While the leg press is a more quadriceps dominant exercise than its free weight counterparts (as a result of the exerciser’s position within the machine), it is nonetheless still capable of activating the posterior chain muscle groups to a certain extent, training the entirety of the lower body in a manner that is only furthered by the addition of the leg extension later in the training session.
Doing this requires some alteration in the structure of the training program, as it is far more advisable that the exerciser perform the leg press with greater resistance and lesser volume, while the leg extension is instead left with high amounts of repetition volume per set at a relatively low level of resistance so as to avoid injury and overtraining.
Save for a specific few circumstances or training goals, it is the leg press that is clearly superior in terms of training effectiveness, efficiency, muscle group activation and safety.
While this is true in most cases, one should not immediately discount the usefulness of the leg extension, as it serves the purpose of an accessory quadriceps exercise quite well, aiding in the specificity of training stimulus that is so often needed in many compound-focused training programs.
For the most part, the leg press can in fact replace barbell squats - so long as the exerciser ensures they are taking sufficient steps to address the deficits in training that are produced by swapping out such an essential compound exercise.
The addition of more posterior chain exercises, as well as certain free weight compound movements that summarily activate the stabilizer muscle groups of the lower body are all a necessity when substituting the barbell squat with the leg press.
As leg extensions are an isolation exercise that solely train the quadriceps muscle group, solely utilizing the leg extension as a source of lower body training stimulus will quickly result in muscular imbalances and injury to the knee as supportive and synergist muscle groups are overpowered by the resistance.
If one chooses to add the leg extension to their training routine, they should ensure that their lower body is receiving an equal distribution of training stimulus, with posterior chain exercises or compound movements that also activate the rest of the leg’s muscle groups making up for the difference in muscle group activation.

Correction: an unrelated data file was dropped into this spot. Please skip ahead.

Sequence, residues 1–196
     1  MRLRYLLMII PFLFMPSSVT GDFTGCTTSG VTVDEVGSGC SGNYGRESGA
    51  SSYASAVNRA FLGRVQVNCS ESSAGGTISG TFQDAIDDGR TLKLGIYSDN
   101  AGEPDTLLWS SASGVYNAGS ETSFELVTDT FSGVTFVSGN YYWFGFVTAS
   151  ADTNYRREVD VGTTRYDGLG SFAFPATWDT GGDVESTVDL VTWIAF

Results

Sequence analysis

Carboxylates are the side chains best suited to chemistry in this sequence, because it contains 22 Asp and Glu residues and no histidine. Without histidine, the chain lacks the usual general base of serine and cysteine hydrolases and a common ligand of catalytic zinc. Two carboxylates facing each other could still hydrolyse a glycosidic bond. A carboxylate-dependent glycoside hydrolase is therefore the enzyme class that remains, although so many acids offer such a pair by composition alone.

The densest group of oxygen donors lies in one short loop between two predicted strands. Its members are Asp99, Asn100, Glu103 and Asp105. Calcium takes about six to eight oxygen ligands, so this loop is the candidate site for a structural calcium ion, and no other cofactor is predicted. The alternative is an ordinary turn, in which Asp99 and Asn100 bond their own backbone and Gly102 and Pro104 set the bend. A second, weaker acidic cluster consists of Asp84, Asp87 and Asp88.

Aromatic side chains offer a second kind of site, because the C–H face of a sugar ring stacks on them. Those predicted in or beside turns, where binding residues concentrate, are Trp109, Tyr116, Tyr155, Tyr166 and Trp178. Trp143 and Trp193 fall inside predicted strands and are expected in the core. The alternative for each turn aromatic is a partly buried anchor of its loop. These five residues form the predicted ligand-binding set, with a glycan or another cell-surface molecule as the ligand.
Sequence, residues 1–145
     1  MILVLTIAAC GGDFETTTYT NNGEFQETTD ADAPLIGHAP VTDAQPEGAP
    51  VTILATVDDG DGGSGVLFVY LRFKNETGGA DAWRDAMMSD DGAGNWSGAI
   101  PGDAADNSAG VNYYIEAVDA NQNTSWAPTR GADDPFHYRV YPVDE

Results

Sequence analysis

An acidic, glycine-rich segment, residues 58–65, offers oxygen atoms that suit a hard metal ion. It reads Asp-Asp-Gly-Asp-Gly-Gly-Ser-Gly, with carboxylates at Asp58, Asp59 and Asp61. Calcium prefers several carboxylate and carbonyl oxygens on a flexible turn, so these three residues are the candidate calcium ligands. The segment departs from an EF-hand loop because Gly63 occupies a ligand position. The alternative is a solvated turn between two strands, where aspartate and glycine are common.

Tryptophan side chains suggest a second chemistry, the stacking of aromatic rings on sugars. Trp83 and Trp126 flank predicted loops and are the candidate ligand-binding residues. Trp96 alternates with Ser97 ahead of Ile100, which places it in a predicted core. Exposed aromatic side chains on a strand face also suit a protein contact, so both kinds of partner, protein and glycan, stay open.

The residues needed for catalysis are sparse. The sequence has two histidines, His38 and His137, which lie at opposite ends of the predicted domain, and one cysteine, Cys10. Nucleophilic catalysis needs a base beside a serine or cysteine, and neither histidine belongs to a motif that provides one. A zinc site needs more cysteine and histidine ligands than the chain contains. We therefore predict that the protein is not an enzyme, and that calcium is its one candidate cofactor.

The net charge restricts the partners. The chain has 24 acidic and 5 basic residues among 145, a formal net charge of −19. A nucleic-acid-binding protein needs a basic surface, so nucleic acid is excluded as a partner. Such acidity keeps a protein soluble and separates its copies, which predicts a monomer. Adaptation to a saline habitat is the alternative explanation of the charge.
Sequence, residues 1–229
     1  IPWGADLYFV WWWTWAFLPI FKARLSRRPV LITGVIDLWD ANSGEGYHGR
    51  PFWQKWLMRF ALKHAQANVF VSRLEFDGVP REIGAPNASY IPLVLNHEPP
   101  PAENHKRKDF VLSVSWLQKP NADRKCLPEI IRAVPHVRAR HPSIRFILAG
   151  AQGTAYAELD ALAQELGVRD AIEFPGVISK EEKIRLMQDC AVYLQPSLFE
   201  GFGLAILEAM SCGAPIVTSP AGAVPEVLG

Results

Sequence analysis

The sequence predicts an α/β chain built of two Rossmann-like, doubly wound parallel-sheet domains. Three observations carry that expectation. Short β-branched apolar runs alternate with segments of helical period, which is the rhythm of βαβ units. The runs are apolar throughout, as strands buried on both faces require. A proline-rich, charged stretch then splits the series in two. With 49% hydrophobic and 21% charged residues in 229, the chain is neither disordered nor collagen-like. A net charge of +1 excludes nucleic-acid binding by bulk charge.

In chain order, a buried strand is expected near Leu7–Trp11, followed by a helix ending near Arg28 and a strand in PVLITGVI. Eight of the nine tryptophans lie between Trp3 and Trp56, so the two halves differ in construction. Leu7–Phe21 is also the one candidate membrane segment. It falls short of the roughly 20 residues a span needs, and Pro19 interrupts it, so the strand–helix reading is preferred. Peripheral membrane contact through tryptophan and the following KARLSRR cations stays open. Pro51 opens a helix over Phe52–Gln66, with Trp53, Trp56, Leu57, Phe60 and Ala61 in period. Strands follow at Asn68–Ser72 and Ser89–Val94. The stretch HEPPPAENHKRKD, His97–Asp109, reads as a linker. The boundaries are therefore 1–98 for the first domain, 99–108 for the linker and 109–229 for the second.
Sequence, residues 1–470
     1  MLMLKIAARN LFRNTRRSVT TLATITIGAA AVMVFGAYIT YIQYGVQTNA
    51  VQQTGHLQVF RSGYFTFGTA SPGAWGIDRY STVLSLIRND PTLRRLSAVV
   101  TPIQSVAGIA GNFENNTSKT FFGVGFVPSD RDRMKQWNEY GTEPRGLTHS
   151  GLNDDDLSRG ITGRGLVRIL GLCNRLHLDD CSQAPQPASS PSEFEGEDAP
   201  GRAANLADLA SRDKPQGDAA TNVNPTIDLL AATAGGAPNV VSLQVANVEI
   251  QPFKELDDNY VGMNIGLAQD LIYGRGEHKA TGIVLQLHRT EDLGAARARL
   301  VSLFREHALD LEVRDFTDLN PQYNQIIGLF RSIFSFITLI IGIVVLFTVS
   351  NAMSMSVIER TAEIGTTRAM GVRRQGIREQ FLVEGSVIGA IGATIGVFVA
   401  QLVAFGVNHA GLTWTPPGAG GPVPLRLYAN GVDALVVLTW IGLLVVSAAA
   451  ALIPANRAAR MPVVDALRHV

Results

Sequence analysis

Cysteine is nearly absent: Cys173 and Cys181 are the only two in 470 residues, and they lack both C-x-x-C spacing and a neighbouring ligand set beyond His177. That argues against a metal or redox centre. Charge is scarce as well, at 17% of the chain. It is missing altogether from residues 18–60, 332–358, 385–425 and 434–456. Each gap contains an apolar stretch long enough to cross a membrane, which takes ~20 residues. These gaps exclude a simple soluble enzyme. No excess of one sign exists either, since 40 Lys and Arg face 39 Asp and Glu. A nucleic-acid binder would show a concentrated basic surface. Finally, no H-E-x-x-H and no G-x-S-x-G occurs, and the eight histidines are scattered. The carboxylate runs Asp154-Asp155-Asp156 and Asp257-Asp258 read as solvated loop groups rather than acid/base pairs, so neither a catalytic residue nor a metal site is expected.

It is quite clear that the leg press is superior to the leg extension as a general exercise - though the leg extension’s relatively smaller range of motion and single muscle group activation make it more suitable for specificity of training or rehabilitation of leg-related injuries.
As such, it is our advice that the exerciser first incorporate the leg press into their training routine, only adding the leg extension in if they find that further quadriceps femoris training stimulus is required to reach their goals.
Regardless of whether the exerciser has chosen to utilize the leg press, leg extension or even both - solely relying on machine-based resistance exercises as a source of muscular development for the lower body can easily lead to many issues, and as such the exerciser should also utilize certain free weight compound exercises such as the back squat or split squat in order to complement these exercises.
1. Martín-Fuentes I, Oliva-Lozano JM, Muyor JM. Evaluation of the Lower Limb Muscles' Electromyographic Activity during the Leg Press Exercise and Its Variants: A Systematic Review. Int J Environ Res Public Health. 2020 Jun 27;17(13):4626. doi: 10.3390/ijerph17134626. PMID: 32605065; PMCID: PMC7369968.
2. Alkner BA, Tesch PA, Berg HE. Quadriceps EMG/force relationship in knee extension and leg press. Med Sci Sports Exerc. 2000 Feb;32(2):459-63. doi: 10.1097/00005768-200002000-00030. PMID: 10694132.
3. Escamilla RF, Fleisig GS, Zheng N, Lander JE, Barrentine SW, Andrews JR, Bergemann BW, Moorman CT 3rd. Effects of technique variations on knee biomechanics during the squat and leg press. Med Sci Sports Exerc. 2001 Sep;33(9):1552-66. doi: 10.1097/00005768-200109000-00020. PMID: 11528346.
4. Pincivero DM, Gandhi V, Timmons MK, Coelho AJ. Quadriceps femoris electromyogram during concentric, isometric and eccentric phases of fatiguing dynamic knee extensions. J Biomech. 2006;39(2):246-54. doi: 10.1016/j.jbiomech.2004.11.023. PMID: 16321626.